Gastroduodenal mucus bicarbonate barrier: protection against acid and pepsin.
2005 (English)In: Am. J. Physiol. Cell Physiol., Vol. 288, no Jan, C1-C19 p.Article in journal (Refereed) Published
Secretion of bicarbonate into the adherent layer of mucus gel creates a pH gradient with a near neutral pH at the epithelial surfaces in stomach and duodenum, providing the first line of mucosal protection against luminal acid. The continuous adherent mucus layer is also a barrier to luminal pepsin thereby protecting the underlying mucosa from proteolytic digestion. Here we review the current state of the gastroduodenal mucus bicarbonate barrier two decades later from when the first supporting experimental evidence appeared. The primary function of the adherent mucus gel layer is a structural one to create a stable unstirred layer to support surface neutralisation of acid and act as a protective physical barrier against luminal pepsin. The emphasis therefore on mucus in this review is on the form and role of the adherent mucus gel layer. The primary function of the mucosal bicarbonate secretion is to neutralise acid diffusing into the mucus gel layer and for there quantitatively to be sufficient secretion to maintain a near neutral pH at the mucus-mucosal surface interface. The emphasis on mucosal bicarbonate in this review is on the mechanisms and control of its secretion and the establishment of a surface pH gradient. Evidence suggests that under normal physiological conditions the mucus bicarbonate barrier is sufficient for protection of the gastric mucosa against acid and pepsin and, even more so, in the duodenum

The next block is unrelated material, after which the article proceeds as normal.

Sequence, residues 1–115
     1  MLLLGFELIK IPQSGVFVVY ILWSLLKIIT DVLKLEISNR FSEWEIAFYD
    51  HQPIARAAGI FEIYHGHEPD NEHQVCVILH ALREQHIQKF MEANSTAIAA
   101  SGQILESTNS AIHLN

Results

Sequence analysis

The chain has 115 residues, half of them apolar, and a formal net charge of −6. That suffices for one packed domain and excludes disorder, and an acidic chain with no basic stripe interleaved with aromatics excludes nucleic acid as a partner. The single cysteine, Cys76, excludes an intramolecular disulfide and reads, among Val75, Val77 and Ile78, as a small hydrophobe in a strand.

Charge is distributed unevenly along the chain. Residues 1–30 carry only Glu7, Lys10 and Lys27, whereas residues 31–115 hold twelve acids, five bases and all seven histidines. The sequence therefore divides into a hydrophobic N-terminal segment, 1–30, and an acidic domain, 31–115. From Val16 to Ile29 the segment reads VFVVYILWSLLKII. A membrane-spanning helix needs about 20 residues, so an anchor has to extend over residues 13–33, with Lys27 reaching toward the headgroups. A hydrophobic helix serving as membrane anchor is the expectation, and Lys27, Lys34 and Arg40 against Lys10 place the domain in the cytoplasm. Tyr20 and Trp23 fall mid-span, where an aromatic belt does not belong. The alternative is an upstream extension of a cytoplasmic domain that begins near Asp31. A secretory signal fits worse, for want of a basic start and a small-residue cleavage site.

Place, publisher, year, edition, pages
2005. Vol. 288, no Jan, C1-C19 p.
acid/base transporters, CFTR channel, surface pH gradient, mucus gels, trefoil peptides
IdentifiersURN: urn:nbn:se:uu:diva-67580OAI: oai:DiVA.org:uu-67580DiVA: diva2:95491